# What is maximum number of variables that we can use to run a cluster analysis?

To do one clustering analysis, the model that I developed contains some 30 variables. I need to run this clustering for some 2-3 million data points. I need to know whether number of variables that I intend to use (30) is just too many? Would my result be impacted 'coz of large number of variables?

Also there would be issues with processing limitations of tool (spotfire) that I am using for this exercise. But that is secondary concern at this moment.

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What makes you think there is a limit? Most clustering algorithms just use distance functions, and these usually are linear in the number of variables.

However, not every result will be meaningful. There are issues associated with high-dimensional data (albeit most people would consider 30 to be just "medium" dimensionality).

The most obvious one is that the notion of distance itself is often rather meaningless. Say, your first variable is "shoe size", the second is "age". How can you expect an euclidean distance function to perform a meaningful distance computation?

However, even when you are in the situation that the euclidean distance is meaningful, simple methods such as k-means and "hierarchical clustering" may not work very well due to the low contrast in distances. Others may be hard to parameterize, as you need to give a distance threshold. So you will need more advanced methods (and spotfire probably only offers the most basic ones, unfortunately).

You might however want to check out:

• Subspace clustering (Wikipedia), in particular a survey article such as:
Kriegel, Hans-Peter; Kröger, Peer; Zimek, Arthur (2009), "Clustering high-dimensional data: A survey on subspace clustering, pattern-based clustering, and correlation clustering", ACM Transactions on Knowledge Discovery from Data
• Correlation clustering (same wikipedia article and survey), when you have correlations in your attributes
• Problems of mining high-dimensional data in general, in particular the "curse of dimensionality" (link is to Wikipedia again, but a different article). Many people think that you cannot mine high-dimensional data at all, but there is research that shows that high-dimensional data can work, or not (again from Wikipedia. time series are a particular type of high-dimensional data - often in the thousand dimensions - that works very well, in the first article the authors touch the issue of distance functions):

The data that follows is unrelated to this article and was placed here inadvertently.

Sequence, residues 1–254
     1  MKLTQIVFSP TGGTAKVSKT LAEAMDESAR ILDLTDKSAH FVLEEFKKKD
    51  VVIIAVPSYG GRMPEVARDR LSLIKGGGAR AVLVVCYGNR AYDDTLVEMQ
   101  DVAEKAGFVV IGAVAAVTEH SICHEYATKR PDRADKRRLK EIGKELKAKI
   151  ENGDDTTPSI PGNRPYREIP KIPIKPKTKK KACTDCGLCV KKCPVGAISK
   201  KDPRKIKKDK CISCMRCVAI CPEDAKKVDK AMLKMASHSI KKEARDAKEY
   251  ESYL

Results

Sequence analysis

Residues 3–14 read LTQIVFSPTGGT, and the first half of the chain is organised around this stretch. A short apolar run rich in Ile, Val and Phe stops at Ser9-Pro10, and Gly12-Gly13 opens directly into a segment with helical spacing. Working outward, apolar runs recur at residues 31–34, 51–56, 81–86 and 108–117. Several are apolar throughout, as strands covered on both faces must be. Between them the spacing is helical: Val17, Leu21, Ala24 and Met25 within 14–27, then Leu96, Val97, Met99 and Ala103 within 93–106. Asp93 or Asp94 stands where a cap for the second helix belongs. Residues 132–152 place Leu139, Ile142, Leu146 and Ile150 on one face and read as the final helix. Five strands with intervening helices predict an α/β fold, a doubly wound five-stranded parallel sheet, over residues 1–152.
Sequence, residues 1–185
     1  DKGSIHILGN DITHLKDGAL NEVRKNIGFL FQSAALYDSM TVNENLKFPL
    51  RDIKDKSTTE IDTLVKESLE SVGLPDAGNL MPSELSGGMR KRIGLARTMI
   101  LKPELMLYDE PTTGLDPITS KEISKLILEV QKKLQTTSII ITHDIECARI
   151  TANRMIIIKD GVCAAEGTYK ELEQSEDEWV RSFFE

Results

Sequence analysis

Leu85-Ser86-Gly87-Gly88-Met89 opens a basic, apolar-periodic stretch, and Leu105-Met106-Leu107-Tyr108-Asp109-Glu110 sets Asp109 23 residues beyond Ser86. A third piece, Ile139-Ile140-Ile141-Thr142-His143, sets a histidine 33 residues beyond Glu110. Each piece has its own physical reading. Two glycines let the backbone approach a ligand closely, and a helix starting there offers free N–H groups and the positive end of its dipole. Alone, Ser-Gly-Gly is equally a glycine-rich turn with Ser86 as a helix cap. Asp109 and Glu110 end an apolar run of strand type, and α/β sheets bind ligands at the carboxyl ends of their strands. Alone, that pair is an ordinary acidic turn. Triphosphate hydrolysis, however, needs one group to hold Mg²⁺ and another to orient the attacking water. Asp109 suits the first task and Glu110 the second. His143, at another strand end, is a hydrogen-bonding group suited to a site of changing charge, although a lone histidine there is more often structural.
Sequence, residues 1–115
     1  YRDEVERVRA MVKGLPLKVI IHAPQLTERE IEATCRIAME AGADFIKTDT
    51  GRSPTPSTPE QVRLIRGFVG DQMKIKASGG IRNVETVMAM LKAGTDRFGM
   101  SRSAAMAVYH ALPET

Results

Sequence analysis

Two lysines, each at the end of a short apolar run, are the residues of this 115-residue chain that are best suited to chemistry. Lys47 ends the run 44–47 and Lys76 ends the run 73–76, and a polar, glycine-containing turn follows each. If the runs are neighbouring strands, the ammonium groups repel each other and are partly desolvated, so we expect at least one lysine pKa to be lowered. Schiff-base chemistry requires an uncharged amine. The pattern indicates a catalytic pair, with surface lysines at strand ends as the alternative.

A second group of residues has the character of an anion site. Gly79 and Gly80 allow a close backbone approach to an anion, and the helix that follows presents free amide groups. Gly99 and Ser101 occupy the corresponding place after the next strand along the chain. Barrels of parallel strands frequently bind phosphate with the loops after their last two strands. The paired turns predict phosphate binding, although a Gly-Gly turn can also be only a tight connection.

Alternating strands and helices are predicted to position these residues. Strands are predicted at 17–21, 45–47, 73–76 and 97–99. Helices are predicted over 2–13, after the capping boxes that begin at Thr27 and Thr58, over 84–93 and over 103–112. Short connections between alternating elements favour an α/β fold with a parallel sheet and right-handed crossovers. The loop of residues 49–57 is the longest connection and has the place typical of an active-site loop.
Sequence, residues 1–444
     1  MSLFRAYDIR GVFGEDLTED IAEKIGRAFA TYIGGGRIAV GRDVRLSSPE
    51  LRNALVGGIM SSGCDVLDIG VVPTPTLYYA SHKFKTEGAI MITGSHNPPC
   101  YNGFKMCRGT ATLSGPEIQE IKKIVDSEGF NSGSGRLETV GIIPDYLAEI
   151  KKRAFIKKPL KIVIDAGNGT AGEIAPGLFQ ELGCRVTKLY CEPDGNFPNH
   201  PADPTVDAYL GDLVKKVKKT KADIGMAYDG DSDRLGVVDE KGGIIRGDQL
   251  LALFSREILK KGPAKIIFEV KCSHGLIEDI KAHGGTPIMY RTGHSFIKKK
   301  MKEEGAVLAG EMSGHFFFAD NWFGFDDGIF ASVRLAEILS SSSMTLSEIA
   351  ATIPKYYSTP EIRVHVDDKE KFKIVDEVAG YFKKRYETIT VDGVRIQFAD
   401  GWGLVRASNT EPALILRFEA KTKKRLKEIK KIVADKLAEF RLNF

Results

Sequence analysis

Houle, Michael E.; Kriegel, Hans-Peter; Kröger, Peer; Schubert, Erich; Zimek, Arthur (2010). Can Shared-Neighbor Distances Defeat the Curse of Dimensionality? Scientific and Statistical Database Management.
Bernecker, Thomas; Houle, Michael E.; Kriegel, Hans-Peter; Kröger, Peer; Renz, Matthias; Schubert, Erich; Zimek, Arthur (2011). Quality of Similarity Rankings in Time Series. Advances in Spatial and Temporal Databases
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Your notion "k-means and "hierarchical clustering" may not work very well due to the low contrast in distances" is interesting. Could you elaborate a bit? –  ttnphns Feb 20 '12 at 11:07
Have a look at "When is “nearest neighbor” meaningful?" by Beyer, Goldstein, Ramakrishnan. And after all, k-means is based on "nearest cluster center", and hierarchical clusering on "merge nearest two clusters". –  Anony-Mousse Feb 20 '12 at 12:27
@Anony-Mousse, I understand what you are suggesting on distanced being meaningless if your variables are at different scales. All of my 30 variables will fall in two categories. For one set (15 variables) values will be btw 0-50 and for other set values (dollar amounts) would be btw 0-100K. Is there way I can normalize variables so that both set of variables are assessed on same scale? For analysis, all variables are equally important, so analysis should treat distances at same scale. –  Raghvendra Feb 21 '12 at 1:17
Partially. If the values are on different scales, even a 2D distance can be meaningless. Say somone has houshold size 3 people, and donated $100, and the other household is 2 people, and they donated$100000. The dollar amount completely dominates the difference in household size. Once you get to more variables, read up on the curse of dimensionality. Often (but not necessarily, see Houle et al.) all distances appear to be the same, and somewhat random. –  Anony-Mousse Feb 21 '12 at 7:45